Charges Pending After Motorcyclist was Injured on Newtown Road in Norfolk
Fatal and serious motorcycle crashes are on the rise in Virginia. We were saddened to read of how another rider’s life is in the balance after a motorcyclist was injured on Newtown Road in Norfolk.
Police said the rider suffered life-threatening injuries after he was involved in a crash on Friday morning in Norfolk at about 11 a.m. The wreck involving a car was reported in the 700 block of N. Newtown Road.
Norfolk police said emergency crews found the rider lying in the street with serious injuries. He was transported to Sentara Norfolk General Hospital with life-threatening injuries.
The car driver who was involved in the crash remained at the scene. He only suffered minor injuries. Traffic was redirected at Newtown and Virginia Beach Boulevard. Southbound lanes remained closed on N. Newtown Road through the early afternoon hours. The motorcyclist Injured on Newtown Road in Norfolk was transported to a local hospital.
Norfolk police said in a press release that charges were pending the conclusion of an investigation after the motorcyclist was injured on Newtown Road in Norfolk.
Our thoughts are with this rider and his family. Far too many motorcyclists are losing their lives in Virginia, often due to the fault of other motorists.
Last week, two motorcyclists were killed on the Virginia Peninsula. A rider was killed last Thursday at the intersection of Victoria Boulevard and Greenbrier Avenue in Hampton. Police said he was traveling south on Greenbrier when he was involved in a collision with a dark-colored Dodge Charger.
Tragically, the rider failed to recover from his injuries and was pronounced dead at the hospital.
That crash was reported less than 24 hours after a rider was killed in neighboring Newport News.
Last Wednesday, a 34-year-old Hampton man died from injuries he sustained in a single motorcycle crash on Campbell Road and Warwick Boulevard in Newport News. The Daily Press noted a police officer tried to make a traffic stop at Oyster Point Road of the rider who he believed was speeding. The motorcyclist sped off but crashed.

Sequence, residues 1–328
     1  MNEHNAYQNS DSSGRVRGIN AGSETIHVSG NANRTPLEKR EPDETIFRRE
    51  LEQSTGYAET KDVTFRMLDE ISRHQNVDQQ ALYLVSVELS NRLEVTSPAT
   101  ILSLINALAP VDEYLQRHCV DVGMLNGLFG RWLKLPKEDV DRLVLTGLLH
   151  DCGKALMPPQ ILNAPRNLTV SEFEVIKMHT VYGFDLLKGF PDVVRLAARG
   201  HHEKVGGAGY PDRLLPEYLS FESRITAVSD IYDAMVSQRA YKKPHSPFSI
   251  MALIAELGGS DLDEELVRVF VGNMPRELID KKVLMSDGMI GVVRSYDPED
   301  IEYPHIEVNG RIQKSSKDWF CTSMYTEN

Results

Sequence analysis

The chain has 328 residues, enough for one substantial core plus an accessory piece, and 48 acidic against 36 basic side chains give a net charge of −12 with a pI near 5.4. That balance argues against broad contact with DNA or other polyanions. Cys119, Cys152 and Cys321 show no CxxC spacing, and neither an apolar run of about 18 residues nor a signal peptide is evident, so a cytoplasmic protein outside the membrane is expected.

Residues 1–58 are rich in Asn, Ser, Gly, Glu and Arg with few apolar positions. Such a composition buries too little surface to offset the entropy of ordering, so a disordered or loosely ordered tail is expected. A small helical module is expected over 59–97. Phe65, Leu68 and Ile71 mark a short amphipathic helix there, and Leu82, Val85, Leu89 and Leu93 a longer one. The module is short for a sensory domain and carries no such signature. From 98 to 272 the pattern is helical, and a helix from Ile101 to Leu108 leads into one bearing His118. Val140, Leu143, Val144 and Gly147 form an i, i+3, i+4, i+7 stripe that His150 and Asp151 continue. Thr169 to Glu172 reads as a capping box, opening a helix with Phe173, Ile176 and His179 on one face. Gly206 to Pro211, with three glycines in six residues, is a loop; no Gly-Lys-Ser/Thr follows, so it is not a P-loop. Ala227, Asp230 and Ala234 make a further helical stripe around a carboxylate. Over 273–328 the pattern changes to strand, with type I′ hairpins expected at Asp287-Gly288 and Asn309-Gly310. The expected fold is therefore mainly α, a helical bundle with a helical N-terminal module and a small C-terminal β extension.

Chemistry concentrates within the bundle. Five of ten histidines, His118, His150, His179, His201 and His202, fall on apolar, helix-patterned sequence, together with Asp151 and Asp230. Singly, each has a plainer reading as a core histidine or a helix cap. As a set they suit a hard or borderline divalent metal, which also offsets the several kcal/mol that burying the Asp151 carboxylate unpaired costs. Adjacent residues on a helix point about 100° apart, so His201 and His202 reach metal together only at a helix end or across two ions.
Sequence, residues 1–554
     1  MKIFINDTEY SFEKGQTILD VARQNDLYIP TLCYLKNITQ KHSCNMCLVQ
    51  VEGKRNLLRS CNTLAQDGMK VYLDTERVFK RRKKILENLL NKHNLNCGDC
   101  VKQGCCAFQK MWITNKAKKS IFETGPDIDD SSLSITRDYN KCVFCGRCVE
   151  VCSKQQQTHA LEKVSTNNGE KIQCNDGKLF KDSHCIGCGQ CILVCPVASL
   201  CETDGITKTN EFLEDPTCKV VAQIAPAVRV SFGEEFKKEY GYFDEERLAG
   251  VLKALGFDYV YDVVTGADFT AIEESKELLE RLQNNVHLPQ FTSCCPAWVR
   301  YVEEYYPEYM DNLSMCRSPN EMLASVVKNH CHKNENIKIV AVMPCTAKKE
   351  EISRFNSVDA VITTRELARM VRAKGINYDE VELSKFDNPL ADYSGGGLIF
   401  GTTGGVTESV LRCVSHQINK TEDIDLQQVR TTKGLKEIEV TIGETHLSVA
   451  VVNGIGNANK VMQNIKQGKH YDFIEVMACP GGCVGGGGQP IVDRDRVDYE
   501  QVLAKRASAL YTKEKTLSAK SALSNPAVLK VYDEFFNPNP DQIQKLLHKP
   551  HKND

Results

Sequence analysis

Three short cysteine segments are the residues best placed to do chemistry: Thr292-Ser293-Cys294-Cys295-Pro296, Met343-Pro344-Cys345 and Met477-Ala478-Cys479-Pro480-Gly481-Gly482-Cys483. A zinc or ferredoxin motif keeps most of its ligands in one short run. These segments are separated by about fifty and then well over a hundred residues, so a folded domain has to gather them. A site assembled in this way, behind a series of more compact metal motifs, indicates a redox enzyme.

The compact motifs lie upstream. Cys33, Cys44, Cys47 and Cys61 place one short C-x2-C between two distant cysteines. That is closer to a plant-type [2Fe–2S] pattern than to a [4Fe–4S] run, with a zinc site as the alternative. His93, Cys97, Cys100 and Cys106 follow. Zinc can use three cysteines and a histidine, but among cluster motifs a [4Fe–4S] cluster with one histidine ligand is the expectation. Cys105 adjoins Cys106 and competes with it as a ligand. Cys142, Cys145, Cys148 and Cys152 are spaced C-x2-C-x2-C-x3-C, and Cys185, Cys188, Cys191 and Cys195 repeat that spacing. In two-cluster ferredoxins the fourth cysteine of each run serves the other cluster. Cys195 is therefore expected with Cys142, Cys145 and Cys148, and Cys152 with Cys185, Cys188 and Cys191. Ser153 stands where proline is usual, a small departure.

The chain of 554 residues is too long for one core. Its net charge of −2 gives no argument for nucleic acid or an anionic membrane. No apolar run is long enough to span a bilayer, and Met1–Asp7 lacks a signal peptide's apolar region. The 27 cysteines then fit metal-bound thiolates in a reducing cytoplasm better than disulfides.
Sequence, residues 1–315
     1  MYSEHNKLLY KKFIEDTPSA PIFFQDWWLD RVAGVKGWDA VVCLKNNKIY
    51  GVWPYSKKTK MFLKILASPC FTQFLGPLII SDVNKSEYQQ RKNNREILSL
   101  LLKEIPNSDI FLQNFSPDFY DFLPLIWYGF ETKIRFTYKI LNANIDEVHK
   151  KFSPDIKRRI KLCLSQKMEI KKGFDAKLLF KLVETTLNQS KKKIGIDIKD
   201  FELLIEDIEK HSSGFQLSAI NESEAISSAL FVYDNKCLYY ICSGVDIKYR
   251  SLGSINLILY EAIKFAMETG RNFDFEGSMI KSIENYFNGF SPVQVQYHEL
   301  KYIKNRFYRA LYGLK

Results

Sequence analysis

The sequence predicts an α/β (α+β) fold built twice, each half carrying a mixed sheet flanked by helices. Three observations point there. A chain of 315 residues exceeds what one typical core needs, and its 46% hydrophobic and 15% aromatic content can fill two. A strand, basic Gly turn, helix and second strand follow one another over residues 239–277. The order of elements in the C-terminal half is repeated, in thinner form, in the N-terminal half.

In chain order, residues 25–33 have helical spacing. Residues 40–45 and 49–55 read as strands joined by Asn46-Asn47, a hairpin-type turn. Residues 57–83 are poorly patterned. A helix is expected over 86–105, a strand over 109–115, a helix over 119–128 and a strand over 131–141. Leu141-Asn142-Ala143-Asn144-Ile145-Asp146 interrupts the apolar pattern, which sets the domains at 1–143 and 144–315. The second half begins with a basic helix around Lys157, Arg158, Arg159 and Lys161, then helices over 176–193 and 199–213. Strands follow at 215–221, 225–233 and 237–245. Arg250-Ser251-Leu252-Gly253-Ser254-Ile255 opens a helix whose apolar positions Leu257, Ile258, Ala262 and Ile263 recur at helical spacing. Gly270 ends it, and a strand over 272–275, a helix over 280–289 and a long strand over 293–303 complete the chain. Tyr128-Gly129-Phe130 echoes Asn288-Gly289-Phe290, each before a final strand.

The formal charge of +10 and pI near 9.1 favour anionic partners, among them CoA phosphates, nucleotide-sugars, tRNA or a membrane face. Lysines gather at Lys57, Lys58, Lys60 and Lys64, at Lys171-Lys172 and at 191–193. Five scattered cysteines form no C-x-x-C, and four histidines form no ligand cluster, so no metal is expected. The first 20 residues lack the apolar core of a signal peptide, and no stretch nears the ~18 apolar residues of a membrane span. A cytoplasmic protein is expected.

The spike in fatal motorcycling accidents follows a massive increase in accidents and deaths of bikers in 2017.
In our Virginia personal injury lawyers’ blog, we highlighted how the number of bikers who lost their lives in Virginia rose by 50 percent in 2017 compared to the previous year.
2017 saw the highest number of fatal motorcycle crashes over the 10 years, according to officials when 107 riders were killed. The number of deaths of motorcyclists last year was almost 50 percent higher than in 2016 when 72 motorcyclists were killed. The previous high was 90 back in 2011. There were 2,119 motorcycle crashes in Virginia in 2017, a 10.4 percent increase on the previous year.
The figure has alarmed officials and other motorcycle safety advocates. Some theories for the increase include:
- More drivers are distracted by cellphones and are failing to see riders
- More motorcyclists are on the highways
- More older riders from the ‘baby boomer’ generation are getting on bikes. Older riders are more prone to serious injuries and deaths.
In Virginia, April is Highway Traffic Safety Month. Virginia State Police are offering motorcycle riders free self-assessments to help them improve their riding skills.
State police hope these Ride 2 Save Lives courses will inspire riders to think more about motorcycle safety when they are on the roads of the state. The state police courses are geared towards intermediate and experienced riders. The topics riders study include the maintenance of motorcycles and daily checks, how to raise a downed motorcycle, how to ride on curves, interstate highway riding, and many other topics, according to state police.
Sergeant Chuck Kain, Richmond Division Motors Unit, said:
“In just the first three months of this year, 11 people have been killed on Virginia’s highways in crashes involving motorcycles. By helping riders hone their skills and increase their awareness on the road, we can prevent motorcycle fatalities in Virginia. Our sincere hope is that Ride 2 Save Lives courses will inspire riders to think of motorcycling and safety as one in the same.”
The first part of the Ride 2 Save Lives will be held at Cape Charles on the Eastern Shore of Virginia on April 14.
Another event will be held on April 28, at Mission BBQ, 5440 Glenside Drive in Henrico County.
At Cooper Hurley Injury Lawyers, we have represented many riders who were hurt in wrecks or the families of those who were killed. We urge you to take care if you are on two wheels. Never assume other drivers will see you and slow down at intersections. If you or a loved one has been involved in a motorcycle wreck caused by another driver, please call our Virginia motorcycle accident injury team at (757) 455-0077.